Up to 18th March there have been almost 12,000 applications of which about 10,000 have been approved, about 3,000 from employed people and 7,000 from unemployed people. More publicity is being given to job release in an effort to include the take-up and particularly to ensure that all in employment who are eligible are aware of the scheme. Television advertisements are being used and my right honourable friend has written to the major employers in the country and I know he would like me to repeat his message today: we hope all employers will do all they can to publicise the scheme to their workpeople.

I turn now to the provisions of the Bill. I make no apology however for having spent a little time in describing the scheme since I believe it is the best way of explaining what the Bill is really intended to achieve. It expresses its intentions in very few words. This is an enabling Bill which provides statutory authority for expenditure by the Secretary of State on job release schemes which meet the criteria mentioned in the Bill. These are, first, that allowances under job release schemes may be paid on only a temporary basis; secondly, that allowances may be payable only to a particular group of persons—those approaching pensionable age—and thirdly, that schemes must be for a specific purpose; that is, creating job vacancies and otherwise mitigating the effects of high unemployment. These three factors define the purpose of job release schemes in the circumstances in which they operate. They create a clear statutory framework within which the Secretary of State can adjust the conditions of schemes rapidly in the light of experience and to suit current needs.

I have said that the schemes under the Bill must be temporary. They would cease to exist when unemployment falls to a more reasonable level, but we are anxious to provide that should unemployment rise to an unacceptable degree it will be possible for a job release scheme to be mounted again. So the authority of the Bill will operate for a period initially of 18 months but the authority must be renewed either at the end of 18 months or at some later date for periods of up to a year at a time. Renewals will be by means of a Statutory Instrument, subject to Affirmative Resolution in another place.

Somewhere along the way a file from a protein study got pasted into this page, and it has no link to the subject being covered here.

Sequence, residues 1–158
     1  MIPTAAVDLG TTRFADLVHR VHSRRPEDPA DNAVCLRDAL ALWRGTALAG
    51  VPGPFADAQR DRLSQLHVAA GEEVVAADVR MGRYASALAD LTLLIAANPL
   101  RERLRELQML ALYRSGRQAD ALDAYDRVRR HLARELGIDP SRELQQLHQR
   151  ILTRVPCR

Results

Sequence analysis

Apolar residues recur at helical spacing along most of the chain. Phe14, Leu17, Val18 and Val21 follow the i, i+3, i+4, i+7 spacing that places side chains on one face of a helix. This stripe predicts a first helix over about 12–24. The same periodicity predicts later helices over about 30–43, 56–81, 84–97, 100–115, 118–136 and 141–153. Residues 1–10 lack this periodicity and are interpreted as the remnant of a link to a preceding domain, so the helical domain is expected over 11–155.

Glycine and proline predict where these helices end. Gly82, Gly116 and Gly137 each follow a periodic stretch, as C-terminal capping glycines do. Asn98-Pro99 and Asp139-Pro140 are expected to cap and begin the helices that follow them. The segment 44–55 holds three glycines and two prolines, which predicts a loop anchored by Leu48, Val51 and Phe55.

The Bill also provides a safeguard from the effects of sex discrimination legislation for job release schemes in which eligibility is defined by reference to the time at which a person reaches pensionable age. We do not believe that the present scheme is in practice discriminatory. It pays the same rate of allowance to all successful applicants for the same period of time but, while the statutory pensionable age differs for men and women, job release schemes must take account of that fact. There is no other practical way of running them. However, we were anxious not to put those operating the scheme, and more particularly employers participating, at any kind of risk. That is why the safeguard is in the Bill.

The Job Release Bill is a necessary measure designed to provide authority for expenditure on a scheme already included in the Government's programme of employment measures. The scheme seeks to create permanent full-time jobs for some of the unemployed and particularly for our younger unemployed people. There can be no question as to the merit of that aid. The scheme is a valuable part of the Government's selective programme and one which we must all hope will have an increasing impact in the months ahead. We also hope of course that the need for such schemes will disappear, but in the meantime it is right to arm ourselves with the powers that we need to tackle the effects of high unemployment.

Viscount AMORY

My Lords, I think the noble Lord said just now that the service would be available in only assisted areas. I wonder whether he can correct my ignorance: are assisted areas what used to be known as "special areas", or are they in a different category altogether?